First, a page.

|Kramer shares passion for math, music with local youth|
|Written by Jes-c Brandt|
As a parent, Maury Kramer has had his share of kids around the house, but even with his own children out of high school, he continues to touch the lives of youth in the Holyoke community.
In 2003 Kramer returned to his alma mater to work with the HHS select choir. At the time, his daughter Desiree was in the choir, and Kramer seized the opportunity to share his passion for music with the younger generation.
Former choir director Pat Wiebers graciously allowed him to help with the morning practices, Kramer noted. And when Marcia Dalton took over as the director, she likewise allowed Maury to continue to be a part of the select choir.
It’s not just Wiebers and Dalton who made it possible for Kramer to be a part of the select choir, he noted. His employer, Atkins Motors, has been very good about allowing him those two hours every week to go to practice, a privilege he is quite grateful for.
Kramer’s main role at select choir practices is to help students learn their parts. From bass to soprano, Maury learns the music so he can teach any part needed, demonstrating when necessary. When the director has to miss practice, Kramer commented, he happily steps in so the select choir doesn’t have to lose a day of rehearsal.
All their practice, of course, leads to performance, and Kramer enjoys seeing the final product of their hard work. In addition to the regular choir concerts at HHS, the select choir has many other opportunities to perform, singing the national anthem at sporting events and entertaining for local functions.
Each year the select choir participates in at least one competition. Kramer has traveled with them to nearby CHSAA contests, and even to some of their more distant events, including one in Breckenridge.
As an additional way to share his talents with the group, Kramer arranges an a cappella song for the select choir every year. HHS concert goers may remember a few of his past arrangements, such as “Heaven,” “Save Tonight” and “Don’t Stop Believing.”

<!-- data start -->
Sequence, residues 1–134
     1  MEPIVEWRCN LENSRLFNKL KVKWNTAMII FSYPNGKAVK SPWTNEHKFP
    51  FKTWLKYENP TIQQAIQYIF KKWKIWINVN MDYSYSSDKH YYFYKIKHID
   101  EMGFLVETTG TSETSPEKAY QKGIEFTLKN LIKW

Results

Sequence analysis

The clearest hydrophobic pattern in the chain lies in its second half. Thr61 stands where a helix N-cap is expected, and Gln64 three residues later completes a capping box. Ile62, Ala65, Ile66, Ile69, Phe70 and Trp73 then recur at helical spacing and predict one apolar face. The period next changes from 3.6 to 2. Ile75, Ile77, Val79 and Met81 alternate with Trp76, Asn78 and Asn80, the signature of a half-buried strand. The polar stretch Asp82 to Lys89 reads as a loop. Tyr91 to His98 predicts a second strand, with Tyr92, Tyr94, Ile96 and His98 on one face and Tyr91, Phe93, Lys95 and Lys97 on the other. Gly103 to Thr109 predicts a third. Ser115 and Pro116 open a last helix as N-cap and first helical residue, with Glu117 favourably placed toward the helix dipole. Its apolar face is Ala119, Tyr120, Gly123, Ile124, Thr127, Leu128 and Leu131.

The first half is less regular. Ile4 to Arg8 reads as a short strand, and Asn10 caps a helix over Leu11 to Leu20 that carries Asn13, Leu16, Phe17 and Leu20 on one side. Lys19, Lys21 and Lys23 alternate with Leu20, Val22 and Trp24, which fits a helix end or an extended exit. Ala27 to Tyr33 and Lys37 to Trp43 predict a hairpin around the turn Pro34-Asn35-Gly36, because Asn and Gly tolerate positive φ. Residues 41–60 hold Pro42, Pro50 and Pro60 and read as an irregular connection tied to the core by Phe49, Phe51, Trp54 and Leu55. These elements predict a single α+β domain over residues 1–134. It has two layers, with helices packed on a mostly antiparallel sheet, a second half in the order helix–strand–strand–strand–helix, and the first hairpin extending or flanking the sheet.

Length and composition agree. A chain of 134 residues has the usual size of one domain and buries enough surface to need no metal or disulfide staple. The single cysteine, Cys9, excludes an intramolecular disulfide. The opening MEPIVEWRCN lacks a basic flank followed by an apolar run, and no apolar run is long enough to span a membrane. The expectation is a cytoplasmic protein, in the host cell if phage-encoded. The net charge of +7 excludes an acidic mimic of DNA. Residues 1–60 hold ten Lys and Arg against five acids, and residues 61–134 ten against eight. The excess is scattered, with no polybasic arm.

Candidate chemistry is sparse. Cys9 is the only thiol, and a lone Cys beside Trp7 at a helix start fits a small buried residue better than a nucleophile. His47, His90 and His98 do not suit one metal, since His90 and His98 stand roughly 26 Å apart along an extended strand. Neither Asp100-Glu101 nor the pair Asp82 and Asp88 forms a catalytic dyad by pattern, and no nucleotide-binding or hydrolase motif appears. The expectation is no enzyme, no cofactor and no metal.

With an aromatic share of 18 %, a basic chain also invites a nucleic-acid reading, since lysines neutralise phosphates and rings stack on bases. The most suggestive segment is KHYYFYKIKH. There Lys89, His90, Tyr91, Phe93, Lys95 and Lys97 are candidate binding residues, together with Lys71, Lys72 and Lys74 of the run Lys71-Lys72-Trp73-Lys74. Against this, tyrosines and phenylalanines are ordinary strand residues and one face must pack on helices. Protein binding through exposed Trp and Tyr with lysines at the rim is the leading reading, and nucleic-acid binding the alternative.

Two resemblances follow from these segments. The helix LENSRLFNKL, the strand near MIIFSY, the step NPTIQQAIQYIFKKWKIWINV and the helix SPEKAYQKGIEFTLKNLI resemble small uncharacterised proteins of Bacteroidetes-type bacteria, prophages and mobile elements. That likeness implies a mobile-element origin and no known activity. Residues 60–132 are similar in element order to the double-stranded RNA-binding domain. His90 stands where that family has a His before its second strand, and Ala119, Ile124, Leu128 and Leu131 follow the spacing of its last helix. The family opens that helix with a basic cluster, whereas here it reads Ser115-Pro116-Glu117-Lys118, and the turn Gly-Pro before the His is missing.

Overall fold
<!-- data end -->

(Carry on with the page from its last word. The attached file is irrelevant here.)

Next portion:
Often choosing a popular song for their a cappella number, Kramer is currently arranging Michael Bublé’s “Haven’t Met You Yet.”
Commenting on the current select choir, Kramer said they have a rather large group this year. While more people means more work, he also noted it means more options for their music.
Over the years, Kramer has seen his children Desiree, Kristen, Karina and Aaron go through select choir. Now the select choir includes none of his own children, but he continues to dedicate his time to the students nonetheless.
Raising children and working with the select choir made it evident to Kramer that working with children is a fulfilling way for him to give back to the community. Kramer said volunteering at a 2006 HHS event, Challenge Day, really reinforced that notion.
Challenge Day focused on helping high school students make rewarding decisions and addressed topics such as respect, peer pressure, self esteem and personal power. After volunteering at the two-day event, Kramer was impressed by what an impact it had and saw there was a need to reach out to the youth.
Since that time, Kramer has used another of his talents to positively impact HHS students. Always a lover of math, he set out to become a math teacher.